Leccy TechTesla Motors has thrown open the doors of its London showroom – the firm’s first outlet outside of North America.
ReviewThere are a good few people who run two printers; an inkjet for all the colour and photo work and a mono laser for quicker, cheaper, sharper black print. Samsung is looking at the home and one-per-desk customer with its ML-1640 mono laser. With a street price around £50, it’s close to being an impulse purchase and puts itself in the second printer market, too.
A video has been leaked online of what some may hope is Apple’s next addition to its laptop line: a transforming MacBook.
Vodafone is mulling a multibillion-pound swoop for T-Mobile UK, according to a report.
A conservative think tank has proposed an alternative model for managing personal data used in public services.
Oracle is still gunning to wrap up its Sun Micro purchase by the end of summer, despite the US Department of Justice refusing to give the deal fast-track approval.
JustGiving.com’s CEO has apologised to users of the company’s online charity donation service, following a clumsy upgrade that has plagued the system since going live over a week ago.
EMC has lengthened the offer period for its $30/share bid for Data Domain by 11 days, after attracting a derisory level of acceptance for the bid. It says this is to provide "additional time to satisfy closing conditions".
Japanese-headquartered motor globocorp Toyota says it has achieved and tested working "driver brain wave control". So far, however, it envisages the handsfree driving tech being used only in wheelchairs, rather than its roadworthy vehicles.
Britney Spears's Twitter account has been hacked again - this time around the fake microblogging update falsely reported that the troubled warbler was dead.
Humberside Police reckon a gang of koi carp rustlers are using Google Earth to identify garden ponds from which they subsequently fish their booty.
NASA has seemingly confirmed that the original taped recordings of the first Moon landing have turned up in Australia - almost three years after the agency admitted it had carelessly mislaid them.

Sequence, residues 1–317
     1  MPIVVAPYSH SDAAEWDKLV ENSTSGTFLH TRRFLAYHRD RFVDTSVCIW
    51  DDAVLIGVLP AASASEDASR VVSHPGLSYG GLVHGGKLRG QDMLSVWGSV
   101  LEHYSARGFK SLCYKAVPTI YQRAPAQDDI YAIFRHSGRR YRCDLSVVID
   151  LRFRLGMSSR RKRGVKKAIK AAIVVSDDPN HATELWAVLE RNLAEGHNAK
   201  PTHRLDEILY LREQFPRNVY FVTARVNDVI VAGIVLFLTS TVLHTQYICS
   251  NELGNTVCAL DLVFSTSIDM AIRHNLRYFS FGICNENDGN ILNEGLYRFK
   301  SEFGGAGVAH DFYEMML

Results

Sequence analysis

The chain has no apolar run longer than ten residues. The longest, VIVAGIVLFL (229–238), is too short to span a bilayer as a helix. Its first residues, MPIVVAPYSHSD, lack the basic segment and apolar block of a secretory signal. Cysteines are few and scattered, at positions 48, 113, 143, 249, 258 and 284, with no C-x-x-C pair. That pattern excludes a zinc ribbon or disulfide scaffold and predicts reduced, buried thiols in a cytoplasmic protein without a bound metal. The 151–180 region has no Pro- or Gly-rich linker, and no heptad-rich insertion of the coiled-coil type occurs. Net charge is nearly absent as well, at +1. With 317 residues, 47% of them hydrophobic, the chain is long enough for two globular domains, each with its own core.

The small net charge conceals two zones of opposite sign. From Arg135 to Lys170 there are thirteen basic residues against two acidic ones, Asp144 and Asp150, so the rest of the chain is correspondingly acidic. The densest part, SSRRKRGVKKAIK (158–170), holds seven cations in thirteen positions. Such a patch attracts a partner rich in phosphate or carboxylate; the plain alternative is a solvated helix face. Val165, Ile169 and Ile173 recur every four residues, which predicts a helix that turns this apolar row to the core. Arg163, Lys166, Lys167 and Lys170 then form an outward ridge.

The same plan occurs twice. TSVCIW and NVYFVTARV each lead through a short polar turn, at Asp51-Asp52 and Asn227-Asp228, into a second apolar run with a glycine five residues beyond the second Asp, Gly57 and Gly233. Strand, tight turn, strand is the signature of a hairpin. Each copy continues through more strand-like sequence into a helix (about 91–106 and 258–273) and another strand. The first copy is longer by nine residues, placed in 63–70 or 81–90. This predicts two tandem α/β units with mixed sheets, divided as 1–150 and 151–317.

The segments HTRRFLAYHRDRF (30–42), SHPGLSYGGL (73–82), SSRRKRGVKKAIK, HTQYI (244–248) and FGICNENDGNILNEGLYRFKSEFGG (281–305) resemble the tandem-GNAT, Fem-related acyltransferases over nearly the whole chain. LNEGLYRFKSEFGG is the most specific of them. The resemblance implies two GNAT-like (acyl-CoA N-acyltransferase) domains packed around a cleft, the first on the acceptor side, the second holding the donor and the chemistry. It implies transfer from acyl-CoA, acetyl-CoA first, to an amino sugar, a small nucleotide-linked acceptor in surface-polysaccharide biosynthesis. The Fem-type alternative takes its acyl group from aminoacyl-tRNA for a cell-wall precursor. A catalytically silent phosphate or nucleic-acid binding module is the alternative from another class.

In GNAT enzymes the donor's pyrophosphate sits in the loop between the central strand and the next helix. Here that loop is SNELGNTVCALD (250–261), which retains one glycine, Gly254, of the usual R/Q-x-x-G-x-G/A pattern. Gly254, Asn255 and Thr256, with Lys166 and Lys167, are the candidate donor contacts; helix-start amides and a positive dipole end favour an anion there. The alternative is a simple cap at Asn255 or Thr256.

A landmark case, which could have led to draconian new restrictions on what UK authors may publish on the internet – and elsewhere – has been dismissed.
HSBC customers are still struggling to access the banks' online service after we reported on Friday that the company was having technical trouble with its system.
Intel is expected to bring forward the projected doubling of its SSD capacities to as early as next month.
Further scientific evidence emerged today that a commonly-held viewpoint is actually true. At least in some respects, women as a group simply don't agree on what they want: it's fairly useless therefore for men seeking female companionship to strive towards an ideal of attractiveness. By contrast, male psychology is simple and ladies can be assured of success if they conform to a set standard.
Rumours that Sony is planning to launch a PlayStation Portable phone have been doing the rounds for years. But now it has emerged that the firm may indeed be about take on the Apple iPhone with a hybrid gaming-cum-phone device.
Andrew's MailbagSo contrary to reports, we're not going to have an "Analogue Switchoff" - and 150m good radios won't stop working overnight (or merely be able to tune into static, plus a very local low-power FM station).
Combine a 16in HD display with a Blu-ray drive and assorted components, and what have you got? Samsung’s latest laptop, which the firm claimed is perfect for mobile movie moguls.
ReviewIn the 18 months since Asus rocked up with its Eee PC 701 and kicked off the whole netbook malarkey, we've seen the number and types of devices that are nominally included in the category expand almost exponentially. As Ms Streisand so appositely noted, it was all so simple then.
Mozilla is expected to spin out a complete version of Firefox 3.5 tomorrow, more than six months on from when it had originally planned to release the browser.
Security experts have strongly criticised suggestions by a government minister that former hackers might play a key role in Britain's newly announced cybersecurity strategy.
Now that America’s lawmakers have repaired the world economy, they can turn their attention to more mundane matters, such as saving the Internet.